Stocks were poised to open firmer Tuesday as investors bet that a partial shutdown of the federal government will be short-lived.
U.S. stock futures moved higher, pointing to a rebound from losses on all major U.S. indexes Monday. World markets also rose.
Congress failed to agree on a short term extension of government funding late Monday, initiating a series of complex procedures to power down the federal agencies.
A government shutdown could cost the U.S. economy roughly $1 billion a week in pay lost by furloughed federal workers.
The dollar slipped against other major currencies but stock market reaction was muted.
Head of trading at ETX Capital Joe Rundle said traders' apparent appetite for risk reflected the view that, if resolved quickly, a government shutdown "will do little damage to the overall health of the U.S. economy."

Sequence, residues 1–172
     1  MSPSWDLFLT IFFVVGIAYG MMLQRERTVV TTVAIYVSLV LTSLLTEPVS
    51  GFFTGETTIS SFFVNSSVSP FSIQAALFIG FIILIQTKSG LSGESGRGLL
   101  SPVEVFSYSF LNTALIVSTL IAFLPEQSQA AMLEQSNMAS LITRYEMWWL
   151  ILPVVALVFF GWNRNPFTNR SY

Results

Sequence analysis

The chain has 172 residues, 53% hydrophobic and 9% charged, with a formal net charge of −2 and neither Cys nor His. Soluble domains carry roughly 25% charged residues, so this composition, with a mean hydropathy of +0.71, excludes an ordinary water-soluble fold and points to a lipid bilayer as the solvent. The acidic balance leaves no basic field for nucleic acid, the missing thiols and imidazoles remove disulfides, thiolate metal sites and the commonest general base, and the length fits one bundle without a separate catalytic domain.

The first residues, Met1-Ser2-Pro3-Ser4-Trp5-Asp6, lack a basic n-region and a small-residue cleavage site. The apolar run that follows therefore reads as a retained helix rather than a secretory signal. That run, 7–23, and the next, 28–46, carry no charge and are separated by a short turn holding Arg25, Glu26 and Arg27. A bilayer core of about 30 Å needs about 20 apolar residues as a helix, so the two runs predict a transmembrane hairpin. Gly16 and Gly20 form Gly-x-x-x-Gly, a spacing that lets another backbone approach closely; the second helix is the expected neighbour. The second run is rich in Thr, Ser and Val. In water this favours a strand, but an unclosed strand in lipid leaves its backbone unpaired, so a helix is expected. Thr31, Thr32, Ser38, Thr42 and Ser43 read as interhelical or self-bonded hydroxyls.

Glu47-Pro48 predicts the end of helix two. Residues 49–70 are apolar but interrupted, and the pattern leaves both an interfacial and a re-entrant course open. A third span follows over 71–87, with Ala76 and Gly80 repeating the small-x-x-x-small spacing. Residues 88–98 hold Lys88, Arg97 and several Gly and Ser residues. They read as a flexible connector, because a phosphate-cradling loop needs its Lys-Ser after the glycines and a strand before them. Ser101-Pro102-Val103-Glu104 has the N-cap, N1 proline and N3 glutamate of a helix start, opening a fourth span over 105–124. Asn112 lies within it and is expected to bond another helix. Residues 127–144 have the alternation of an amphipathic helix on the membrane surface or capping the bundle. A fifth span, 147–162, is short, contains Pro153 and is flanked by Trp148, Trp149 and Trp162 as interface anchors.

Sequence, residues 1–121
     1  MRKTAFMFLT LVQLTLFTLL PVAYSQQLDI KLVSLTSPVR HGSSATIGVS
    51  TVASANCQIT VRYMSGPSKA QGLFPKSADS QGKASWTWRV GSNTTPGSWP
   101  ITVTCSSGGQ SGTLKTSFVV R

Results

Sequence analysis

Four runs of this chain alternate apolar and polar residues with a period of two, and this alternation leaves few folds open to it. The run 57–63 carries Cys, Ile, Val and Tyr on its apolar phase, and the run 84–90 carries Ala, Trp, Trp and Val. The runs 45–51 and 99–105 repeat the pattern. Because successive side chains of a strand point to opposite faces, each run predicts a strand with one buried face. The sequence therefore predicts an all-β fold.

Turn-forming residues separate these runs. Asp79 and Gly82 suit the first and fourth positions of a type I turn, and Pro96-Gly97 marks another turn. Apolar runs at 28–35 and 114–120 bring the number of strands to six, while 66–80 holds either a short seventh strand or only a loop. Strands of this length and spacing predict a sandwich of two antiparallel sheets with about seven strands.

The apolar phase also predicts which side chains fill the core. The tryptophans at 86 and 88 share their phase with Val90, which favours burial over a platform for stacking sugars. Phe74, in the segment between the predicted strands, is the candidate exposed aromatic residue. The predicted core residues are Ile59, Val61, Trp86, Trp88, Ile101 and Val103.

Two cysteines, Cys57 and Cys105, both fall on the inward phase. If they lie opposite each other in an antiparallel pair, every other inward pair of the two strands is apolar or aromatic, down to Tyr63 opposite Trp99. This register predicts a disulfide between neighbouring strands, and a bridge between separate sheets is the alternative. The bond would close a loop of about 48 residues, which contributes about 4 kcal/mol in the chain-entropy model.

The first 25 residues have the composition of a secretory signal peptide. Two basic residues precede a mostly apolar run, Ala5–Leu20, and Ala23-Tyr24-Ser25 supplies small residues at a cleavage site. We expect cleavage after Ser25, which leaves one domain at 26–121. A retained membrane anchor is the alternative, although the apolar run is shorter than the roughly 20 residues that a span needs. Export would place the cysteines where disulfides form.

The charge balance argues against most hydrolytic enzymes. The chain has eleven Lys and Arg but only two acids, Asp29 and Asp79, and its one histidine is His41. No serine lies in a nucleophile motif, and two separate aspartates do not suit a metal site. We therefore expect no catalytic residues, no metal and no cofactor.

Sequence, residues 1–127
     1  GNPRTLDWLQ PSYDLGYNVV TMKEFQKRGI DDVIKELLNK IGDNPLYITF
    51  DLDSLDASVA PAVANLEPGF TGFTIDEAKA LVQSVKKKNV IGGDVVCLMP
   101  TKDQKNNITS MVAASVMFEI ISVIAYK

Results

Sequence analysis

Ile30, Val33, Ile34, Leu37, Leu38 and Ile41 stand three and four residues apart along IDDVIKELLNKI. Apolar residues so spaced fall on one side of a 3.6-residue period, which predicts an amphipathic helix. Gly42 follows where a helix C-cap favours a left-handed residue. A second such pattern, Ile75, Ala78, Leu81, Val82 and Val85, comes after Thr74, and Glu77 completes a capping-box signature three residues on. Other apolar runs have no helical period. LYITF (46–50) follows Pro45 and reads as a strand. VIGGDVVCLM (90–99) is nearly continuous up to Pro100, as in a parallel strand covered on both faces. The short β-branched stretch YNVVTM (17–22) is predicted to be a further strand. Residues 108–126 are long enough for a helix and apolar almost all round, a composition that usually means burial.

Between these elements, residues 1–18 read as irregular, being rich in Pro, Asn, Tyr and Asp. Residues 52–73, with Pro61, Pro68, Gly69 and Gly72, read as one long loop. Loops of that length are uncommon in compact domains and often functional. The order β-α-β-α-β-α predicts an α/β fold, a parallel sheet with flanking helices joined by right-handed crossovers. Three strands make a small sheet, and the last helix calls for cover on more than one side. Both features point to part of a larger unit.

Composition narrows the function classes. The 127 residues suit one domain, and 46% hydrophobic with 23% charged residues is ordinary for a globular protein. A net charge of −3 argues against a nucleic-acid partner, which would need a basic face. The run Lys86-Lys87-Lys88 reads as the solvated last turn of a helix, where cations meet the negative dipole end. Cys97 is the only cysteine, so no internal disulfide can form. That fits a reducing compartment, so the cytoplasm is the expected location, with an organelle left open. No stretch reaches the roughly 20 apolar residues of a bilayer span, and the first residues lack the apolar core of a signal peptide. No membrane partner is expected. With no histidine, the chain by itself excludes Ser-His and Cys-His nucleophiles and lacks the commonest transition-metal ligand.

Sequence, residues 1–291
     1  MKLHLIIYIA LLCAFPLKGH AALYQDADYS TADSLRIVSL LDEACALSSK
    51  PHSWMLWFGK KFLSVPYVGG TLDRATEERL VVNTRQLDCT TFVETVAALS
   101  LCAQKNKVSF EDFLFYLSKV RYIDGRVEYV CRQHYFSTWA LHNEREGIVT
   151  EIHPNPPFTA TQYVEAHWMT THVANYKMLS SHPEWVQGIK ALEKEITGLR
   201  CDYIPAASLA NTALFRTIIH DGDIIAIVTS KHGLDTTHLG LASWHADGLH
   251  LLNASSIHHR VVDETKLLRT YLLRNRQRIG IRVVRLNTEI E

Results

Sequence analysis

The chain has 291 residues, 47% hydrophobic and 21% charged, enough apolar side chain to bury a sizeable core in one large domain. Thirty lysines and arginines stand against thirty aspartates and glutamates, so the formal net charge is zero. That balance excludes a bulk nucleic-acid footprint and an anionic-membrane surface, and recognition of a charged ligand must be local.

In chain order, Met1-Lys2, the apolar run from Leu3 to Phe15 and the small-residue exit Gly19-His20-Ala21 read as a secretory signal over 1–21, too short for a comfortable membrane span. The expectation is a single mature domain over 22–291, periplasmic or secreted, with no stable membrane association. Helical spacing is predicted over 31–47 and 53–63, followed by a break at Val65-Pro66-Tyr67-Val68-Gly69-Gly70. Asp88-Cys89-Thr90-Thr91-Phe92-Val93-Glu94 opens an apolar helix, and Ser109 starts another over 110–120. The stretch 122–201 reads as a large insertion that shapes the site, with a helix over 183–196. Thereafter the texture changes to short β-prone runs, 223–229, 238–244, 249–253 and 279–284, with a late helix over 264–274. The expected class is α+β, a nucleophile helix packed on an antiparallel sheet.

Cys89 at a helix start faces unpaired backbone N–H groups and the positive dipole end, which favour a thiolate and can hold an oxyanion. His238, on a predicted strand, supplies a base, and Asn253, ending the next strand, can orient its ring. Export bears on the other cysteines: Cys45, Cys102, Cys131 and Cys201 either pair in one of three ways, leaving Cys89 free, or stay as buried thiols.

Investors are also monitoring a separate battle in Washington to raise the debt ceiling, as failure to do so could leave the U.S. unable to pay its bills and hurt its credit rating.
Several economic releases are slated for Tuesday, with the Census Bureau due to publish its monthly report on construction spending, and the Institute for Supply Management monthly manufacturing report. Major automakers will issue their monthly sales reports throughout the day.
In corporate news, drugstore operator Walgreen Company is set to release its quarterly results before the opening bell.
U.S. stocks fell Monday amid continued anxiety over the showdown in Washington. But confirmation of the shutdown overnight created few waves across global markets.
European markets were mostly higher in morning trading. Tokyo stocks closed with modest gains, while exchanges in Hong Kong and Shanghai were closed for a holiday.